Day By Day© by Chris Muir.

Thursday, August 04, 2005

Let he who pays the piper call the tune, Part II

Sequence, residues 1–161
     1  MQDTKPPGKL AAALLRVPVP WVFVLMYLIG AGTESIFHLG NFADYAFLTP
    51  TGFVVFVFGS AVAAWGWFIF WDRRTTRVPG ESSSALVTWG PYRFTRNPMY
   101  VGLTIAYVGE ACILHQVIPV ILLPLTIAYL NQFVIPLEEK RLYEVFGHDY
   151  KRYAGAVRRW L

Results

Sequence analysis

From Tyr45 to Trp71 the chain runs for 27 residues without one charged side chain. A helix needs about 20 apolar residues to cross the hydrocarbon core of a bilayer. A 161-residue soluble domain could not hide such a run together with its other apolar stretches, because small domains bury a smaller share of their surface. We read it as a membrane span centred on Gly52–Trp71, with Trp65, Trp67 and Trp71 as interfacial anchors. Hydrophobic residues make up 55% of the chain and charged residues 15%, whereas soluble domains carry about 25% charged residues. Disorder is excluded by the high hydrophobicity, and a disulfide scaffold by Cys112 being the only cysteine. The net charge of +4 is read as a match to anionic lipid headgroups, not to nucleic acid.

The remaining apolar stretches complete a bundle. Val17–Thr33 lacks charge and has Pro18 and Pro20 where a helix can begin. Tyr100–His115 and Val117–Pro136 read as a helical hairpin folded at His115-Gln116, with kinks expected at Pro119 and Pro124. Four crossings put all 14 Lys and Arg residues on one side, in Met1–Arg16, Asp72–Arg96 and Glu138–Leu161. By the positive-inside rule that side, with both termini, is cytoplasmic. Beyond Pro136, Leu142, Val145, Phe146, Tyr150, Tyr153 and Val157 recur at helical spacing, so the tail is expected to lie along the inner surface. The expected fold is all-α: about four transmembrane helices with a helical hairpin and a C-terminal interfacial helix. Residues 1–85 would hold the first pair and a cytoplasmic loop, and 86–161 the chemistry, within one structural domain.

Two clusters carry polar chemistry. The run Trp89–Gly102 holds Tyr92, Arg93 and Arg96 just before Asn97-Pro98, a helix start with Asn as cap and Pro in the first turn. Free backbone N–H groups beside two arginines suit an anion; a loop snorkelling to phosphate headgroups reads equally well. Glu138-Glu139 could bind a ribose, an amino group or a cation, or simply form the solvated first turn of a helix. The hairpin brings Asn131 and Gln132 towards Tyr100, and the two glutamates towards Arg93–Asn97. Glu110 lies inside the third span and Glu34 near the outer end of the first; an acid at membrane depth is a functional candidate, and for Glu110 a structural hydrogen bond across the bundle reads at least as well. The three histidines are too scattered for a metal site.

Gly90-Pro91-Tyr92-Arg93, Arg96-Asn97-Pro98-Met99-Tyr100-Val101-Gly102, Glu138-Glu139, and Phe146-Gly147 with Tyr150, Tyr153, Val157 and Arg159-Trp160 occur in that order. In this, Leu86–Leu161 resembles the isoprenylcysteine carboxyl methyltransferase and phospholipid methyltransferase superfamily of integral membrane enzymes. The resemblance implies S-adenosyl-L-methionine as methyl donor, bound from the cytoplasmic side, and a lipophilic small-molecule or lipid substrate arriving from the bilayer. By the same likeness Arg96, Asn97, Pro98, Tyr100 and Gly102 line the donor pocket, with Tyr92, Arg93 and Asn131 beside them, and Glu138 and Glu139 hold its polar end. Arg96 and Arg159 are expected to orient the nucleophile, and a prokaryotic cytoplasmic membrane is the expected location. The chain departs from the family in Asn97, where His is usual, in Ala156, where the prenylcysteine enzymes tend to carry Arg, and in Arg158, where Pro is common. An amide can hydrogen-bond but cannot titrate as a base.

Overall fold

I blogged a couple of days ago about the Left's (to me) weird demand that the government be obligated to pour money into their institutions of higher learning, while ceding to the Left's demand that it give up its freedom of speech at those same campuses. This isn't even the most egregious example of the government's inability to close its checkbook when writing a check is against its best interests. Let me back up a minute, though. I'm still happily reading Natan Sharansky's brilliant book (see sidebar), and have been drinking in the sections about what keeps fear societies (as opposed to free societies) alive. According to Sharansky, who has the inside track having been raised inside and having helped destroy the Cold War's largest fear society, fear societies cannot maintain on their own, since they stifle their citizens' creative abilities. They can maintain some internal cohesion by convincing their people that they are surrounded by enemies. In this vein, all fear societies have discovered that the Jews are useful "enemies," being both internal and external. (By the way, is anything I'm writing here reminding you of the Arab countries in the Middle East?) Fear societies also keep some momentum by relying on the technology invented by free societies, and can even augment themselves it for a while, giving the illusion that they are leading the way in technology. Ultimately, though, a fear society needs outside help. This works fine if you're a satellite of an even larger fear society (N. Korea, Cuba, most African Marxist nations during the Cold War), but doesn't work at all if you're at the top of the fear society food chain. By the 1970s, the Soviet Union desperately needed an outside infusion of cash. And in comes the United States. Just when the Soviet Union was beginning to lose control, the realist school, led by Kissinger, mistook the Soviet Union's rigid internal cohesion (created by immersing its citizens in a world of fear) and its ability to use Western technology, as a sign of a tremendously strong country, not realizing that the Soviet Union was hanging on by the skin of its teeth. Detente posited that, if you could find common ground with dictatorships, and if you could make them a bit richer, they'd gradually find their way to a stable relationship with the West, lessening their threat. Detente didn't care about what was going on inside the fear country, it cared only about some nuanced balance that would defang that country a bit. Fortunately, Henry "Scoop" Jackson, the Democratic Senator from Washington, didn't buy into this. He believed that it was in America's best security interests to be surrounded by nations that treated its citizens well. His thinking was that you can't trust a country that doesn't trust its own people. Around this time, the Refuseniks (the Soviet Jews who were being refused permission to leave the country and who were being punished terribly for their temerity in asking), were beginning to capture people's attention. Scoop Jackson pushed a bill through Congress tying trade concessions to the Soviet Union to the latter's willingness to allow Jewish emigration. This was a wedge issue, and truly the beginning of the end for the Soviet Union. Reagan pushed the end even further by facing down the Soviet Union, and calling evil by its name. You'd think that, considering how spectacular and swift the Soviet Union's demise was, we'd have learned the lessons in Sharansky retells in his book. But we haven't. America repeatedly rewards fear societies and corrupt behavior: *The Palestinian Authority, which has broken every promise it's made in the last 13 years, which trains its citizenry to slaughter from the cradle, which oppresses its own people horribly (murdering anyone it suspects of being less than enthusiastic about the PA), and which has one of the most profoundly corrupt administrations in the world, gets more and more money, and the promises of more and more money, from the U.S. *Egypt, which oppresses its own people fiercely and which (no surprise) harbors some of the vilest anti-Semitism on the planet, is one of the largest recipients of U.S. aid. *The U.N., which has proven to be a spectacularly corrupt body, steeped in anti-Semitism (amazing how corruption, oppression and anti-Semitism march together), and anti-American in its efforts, is entirely dependent on the U.S.'s willingness to pay up. I know we've been withholding some payments, but we're still the single largest financial contributor. *Saudi Arabia is the one conundrum in this lot. It's a fear society and it's in horrible shape. It's been held together for decades by billions in oil money, but the whole structure is ready for collapse -- hence the ruler's desperate efforts to stave off that collapse by first directing fear and hatred at Israel and then, through the Madrassas, at America. The problem is that, unlike the other fear countries, Saudi Arabia (to which we give a lot of foreign aid), has something we genuinely want and currently need: oil. And we're afraid that, if we stand up to the Saudis, that oil will be directed elsewhere -- and probably to other fear societies, which will gain temporary strength, threatening us. Those are examples off the top of my head -- I'm sure you can think of others. Despite common sense, despite the experience of the last 30 years, we keep thinking that if we throw money at corrupt, oppressive entities or countries, they'll get better. We never seem to realize that it's our money that is propping them up, and preventing their inevitable self-immolation. UPDATE: And while we're on the subject, check out this Elan Journo article about the fall-out (pun intended) of Clinton's decision to prop up North Korea's dictatorship. Wasn't it nice of us to give them money to build nuclear bomb that now threatens, not just the Korean peninsula but, through the hands of terrorist networks, the whole world?